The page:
I barely had time to exit this awkward conversation and take a sip of holy water before my name was called. As Sea stood up behind me, we were simultaneously interrupted by the receptionist and the ultrasound technician, insisting that Sea couldn’t go in with me—that family members had to wait until after the initial measurements had been taken. They pointed to a sign posted on the glass of the front desk, echoing this inexplicable rule. Faced with the stern faces of both staff, and the sign’s bold font, I helplessly followed the ultrasound technician down the hallway leaving Sea to wait in the small beige room.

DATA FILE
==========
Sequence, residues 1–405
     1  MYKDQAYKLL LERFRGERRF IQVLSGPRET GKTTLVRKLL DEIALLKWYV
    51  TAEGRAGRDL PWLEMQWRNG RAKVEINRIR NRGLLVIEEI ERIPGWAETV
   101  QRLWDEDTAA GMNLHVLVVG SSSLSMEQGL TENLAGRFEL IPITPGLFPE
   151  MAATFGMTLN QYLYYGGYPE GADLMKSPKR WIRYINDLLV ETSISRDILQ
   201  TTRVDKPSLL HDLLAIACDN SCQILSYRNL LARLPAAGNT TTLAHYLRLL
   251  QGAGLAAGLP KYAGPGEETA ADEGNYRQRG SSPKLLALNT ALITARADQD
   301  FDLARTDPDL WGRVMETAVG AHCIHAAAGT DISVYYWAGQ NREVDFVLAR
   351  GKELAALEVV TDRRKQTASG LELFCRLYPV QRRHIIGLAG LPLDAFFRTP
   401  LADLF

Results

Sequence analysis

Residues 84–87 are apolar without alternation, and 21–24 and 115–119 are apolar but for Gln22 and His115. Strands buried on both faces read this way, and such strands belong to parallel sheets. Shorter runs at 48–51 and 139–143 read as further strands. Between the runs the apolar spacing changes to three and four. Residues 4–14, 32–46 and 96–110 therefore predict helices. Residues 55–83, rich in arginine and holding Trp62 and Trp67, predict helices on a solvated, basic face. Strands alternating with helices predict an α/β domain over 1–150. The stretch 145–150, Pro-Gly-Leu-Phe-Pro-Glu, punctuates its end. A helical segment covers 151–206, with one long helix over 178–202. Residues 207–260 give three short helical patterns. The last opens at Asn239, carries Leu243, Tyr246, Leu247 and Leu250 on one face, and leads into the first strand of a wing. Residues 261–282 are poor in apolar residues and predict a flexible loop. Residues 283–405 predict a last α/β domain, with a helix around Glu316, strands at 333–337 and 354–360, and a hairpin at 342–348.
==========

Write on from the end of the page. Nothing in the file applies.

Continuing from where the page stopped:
The room was small and dully lit: a far cry from the glass cabinets and soothing blue paint of the rooms where Clinic One’s ultrasounds take place. I pulled my pants low around my waist, lay back on the crinkling paper, and stared up at the ugly drop ceiling. The dimmed potlight above me and soothing orchestral music in the background provided visceral reminders of that first ultrasound: the one that had happened eleven months prior, to the day. It was hard to remember that anything had changed, until the technician asked how pregnant I was. Sea keeps a closer count than I do, and I often forget the exact number of weeks and days. But I had looked at one of my phone’s apps earlier in the day, and could respond without stumbling: 19 weeks and 4 days. She looked at me sceptically: “Can you tell me either the date of your last period, or your due date?” Sighing, I responded with the due date. She entered it into the ultrasound machine, letting the computer do the math. “You’re 19 weeks and 4 days.” “Yes, I know.”